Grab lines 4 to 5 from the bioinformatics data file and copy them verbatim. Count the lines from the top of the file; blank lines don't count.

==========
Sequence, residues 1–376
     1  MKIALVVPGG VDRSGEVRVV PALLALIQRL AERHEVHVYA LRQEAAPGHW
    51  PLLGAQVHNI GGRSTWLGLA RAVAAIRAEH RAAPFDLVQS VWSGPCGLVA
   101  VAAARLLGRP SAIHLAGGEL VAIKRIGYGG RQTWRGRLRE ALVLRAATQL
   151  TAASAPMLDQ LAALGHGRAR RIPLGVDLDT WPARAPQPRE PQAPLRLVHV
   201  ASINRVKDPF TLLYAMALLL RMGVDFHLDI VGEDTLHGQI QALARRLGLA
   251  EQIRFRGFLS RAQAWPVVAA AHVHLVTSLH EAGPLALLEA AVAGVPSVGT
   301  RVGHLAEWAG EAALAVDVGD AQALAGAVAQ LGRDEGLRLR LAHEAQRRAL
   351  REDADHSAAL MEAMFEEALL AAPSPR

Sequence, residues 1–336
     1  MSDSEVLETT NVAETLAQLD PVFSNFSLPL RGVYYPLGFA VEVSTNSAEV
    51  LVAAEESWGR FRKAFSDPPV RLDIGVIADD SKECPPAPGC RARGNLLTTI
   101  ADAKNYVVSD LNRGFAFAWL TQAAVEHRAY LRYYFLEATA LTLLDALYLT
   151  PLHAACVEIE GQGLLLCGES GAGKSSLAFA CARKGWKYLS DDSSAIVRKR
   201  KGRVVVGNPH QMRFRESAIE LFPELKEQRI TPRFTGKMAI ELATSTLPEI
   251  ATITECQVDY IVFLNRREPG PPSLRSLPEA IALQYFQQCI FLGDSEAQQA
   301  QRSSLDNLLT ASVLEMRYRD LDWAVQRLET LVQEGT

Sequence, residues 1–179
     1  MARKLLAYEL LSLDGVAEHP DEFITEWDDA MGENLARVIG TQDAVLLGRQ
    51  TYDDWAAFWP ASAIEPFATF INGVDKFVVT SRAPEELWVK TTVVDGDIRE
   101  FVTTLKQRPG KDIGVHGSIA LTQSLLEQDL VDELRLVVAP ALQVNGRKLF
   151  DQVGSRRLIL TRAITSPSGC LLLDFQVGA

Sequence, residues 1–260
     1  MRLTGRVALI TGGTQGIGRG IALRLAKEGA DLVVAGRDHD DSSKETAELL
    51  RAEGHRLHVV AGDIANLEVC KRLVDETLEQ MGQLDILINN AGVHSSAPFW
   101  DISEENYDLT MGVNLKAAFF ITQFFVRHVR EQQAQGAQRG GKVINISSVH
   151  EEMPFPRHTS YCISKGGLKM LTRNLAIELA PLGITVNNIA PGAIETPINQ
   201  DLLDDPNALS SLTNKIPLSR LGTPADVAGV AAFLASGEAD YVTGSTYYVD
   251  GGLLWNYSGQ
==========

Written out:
   101  VAAARLLGRP SAIHLAGGEL VAIKRIGYGG RQTWRGRLRE ALVLRAATQL
   151  TAASAPMLDQ LAALGHGRAR RIPLGVDLDT WPARAPQPRE PQAPLRLVHV